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Key Drug Treatment Center in N.H. Taken Over by State Due to Poor Finances

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A key player in the state’s fight against drug addiction has gone under financially, after running a deficit of more than half a million dollars.

A state investigation unveiled that Serenity Place in Manchester failed to adequately bill for Medicaid eligible services and took on more than they could handle to meet the increasing demand.

Families in Transition, a neighboring non-profit organization, has agreed to step in and continue services for the next six months.

Tom Donovan, Director of the Charitable Trusts Unit who’s running the investigation under the Attorney General’s Office, said nothing found at Serenity Place has been deemed criminal.

“It was just too much for them, too quickly,” Donovan said. “They didn’t have the systems in place to expand as rapidly as they did, they more than doubled in size in a three year period and it wasn’t anything they could cope with any longer,” he said, adding that if the state didn’t step in this decades old organization would have collapsed within the month.

Credit Casey McDermott/NHPR
During the takeover, Executive Director Stephanie Bergeron (left) has had to step down along with the entire Serenity Place board.

Since last year, Serenity Place has been referred nearly 2,000 people from the city's Safe Station Program, where anyone can walk into a firehouse in Manchester and ask for substance abuse help.

Mayor-elect Joyce Craig said she plans to sit down with key stakeholders when she starts next month to figure out a more sustainable model for the program.

“The need is there and, you know what, they stepped up and they did the best that they could to help everybody, and I think that what we’ve seen now is that one entity can’t handle the volume of the needs,” Craig said.

In a statement Wednesday, Gov. Chris Sununu said he was “shocked and saddened” by what was happening at Serenity Place. He said, “These developments underscore the need for accountability and transparency in substance use disorder programs. We cannot simply spend taxpayer dollars on this problem without knowing where that money is flowing and without a clear plan for measuring outcomes and results.”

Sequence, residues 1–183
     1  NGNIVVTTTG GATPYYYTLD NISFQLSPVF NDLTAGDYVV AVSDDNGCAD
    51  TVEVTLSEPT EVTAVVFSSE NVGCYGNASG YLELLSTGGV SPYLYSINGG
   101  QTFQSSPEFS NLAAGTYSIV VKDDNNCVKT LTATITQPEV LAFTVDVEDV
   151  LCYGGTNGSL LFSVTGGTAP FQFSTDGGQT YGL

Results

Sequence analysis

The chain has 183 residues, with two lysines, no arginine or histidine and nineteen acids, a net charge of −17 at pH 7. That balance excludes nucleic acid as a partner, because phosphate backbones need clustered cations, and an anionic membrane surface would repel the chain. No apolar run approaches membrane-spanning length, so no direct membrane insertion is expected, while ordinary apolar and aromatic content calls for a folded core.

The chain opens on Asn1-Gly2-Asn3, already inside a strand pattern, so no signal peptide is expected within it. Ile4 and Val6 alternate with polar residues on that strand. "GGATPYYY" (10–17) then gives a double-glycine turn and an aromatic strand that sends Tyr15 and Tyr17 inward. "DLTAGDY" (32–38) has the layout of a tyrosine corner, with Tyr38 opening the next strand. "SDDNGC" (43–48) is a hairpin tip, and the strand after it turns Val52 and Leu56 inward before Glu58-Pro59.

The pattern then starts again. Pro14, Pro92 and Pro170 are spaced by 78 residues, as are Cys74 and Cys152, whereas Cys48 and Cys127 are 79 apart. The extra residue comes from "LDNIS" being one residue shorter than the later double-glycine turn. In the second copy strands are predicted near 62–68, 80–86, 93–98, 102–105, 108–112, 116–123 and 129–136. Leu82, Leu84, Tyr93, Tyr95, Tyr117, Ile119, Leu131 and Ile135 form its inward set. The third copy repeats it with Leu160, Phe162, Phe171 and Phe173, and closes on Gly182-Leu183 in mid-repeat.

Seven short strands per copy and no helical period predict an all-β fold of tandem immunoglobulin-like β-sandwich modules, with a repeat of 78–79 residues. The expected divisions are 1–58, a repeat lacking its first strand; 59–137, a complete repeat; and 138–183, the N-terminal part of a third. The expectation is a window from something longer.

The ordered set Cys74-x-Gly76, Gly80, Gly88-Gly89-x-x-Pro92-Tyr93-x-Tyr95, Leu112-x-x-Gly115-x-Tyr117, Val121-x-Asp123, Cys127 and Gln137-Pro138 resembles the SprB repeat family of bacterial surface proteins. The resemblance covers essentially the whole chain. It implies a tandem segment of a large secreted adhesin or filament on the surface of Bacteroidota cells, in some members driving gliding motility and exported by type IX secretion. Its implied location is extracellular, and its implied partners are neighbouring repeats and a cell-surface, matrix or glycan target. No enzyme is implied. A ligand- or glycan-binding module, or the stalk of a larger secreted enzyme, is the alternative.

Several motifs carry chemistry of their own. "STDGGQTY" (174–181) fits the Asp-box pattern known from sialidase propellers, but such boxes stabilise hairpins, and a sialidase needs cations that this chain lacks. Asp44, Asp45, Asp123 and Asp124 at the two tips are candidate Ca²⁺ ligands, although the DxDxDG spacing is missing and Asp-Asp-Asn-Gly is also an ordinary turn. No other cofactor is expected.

Credit Paige Sutherland/NHPR
Manchester Fire Chief Dan Goonan last year walks a client who entered Safe Station over to Serenity Place.

Over the course of fiscal years 2017 and 2018, Serenity Place has been given $3,273,081 in state funding for various substance abuse services. 

Commissioner of Health and Human Services Jeff Meyers said given the state's opioid crisis his department recently started auditing all of the 35 providers who've been given state money for substance abuse services. Meyers said the audits are in the early stages and he expects the process to take several months.

"A lot of the organizations that have received state funds are relatively new, and they've grown very quickly in response to the opioid crisis in New Hampshire, so we want to work collaboratively with them but we want to ensure their accountability as we continue to direct very significant public funding to them," Meyers said.

Families in Transition will have to provide the state monthly reports on how the takeover is going, but after six months the fate of Serenity Place is still up in the air. The organization could be taken over by FIT permanently, its services dissolved throughout multiple providers or shut down completely. 

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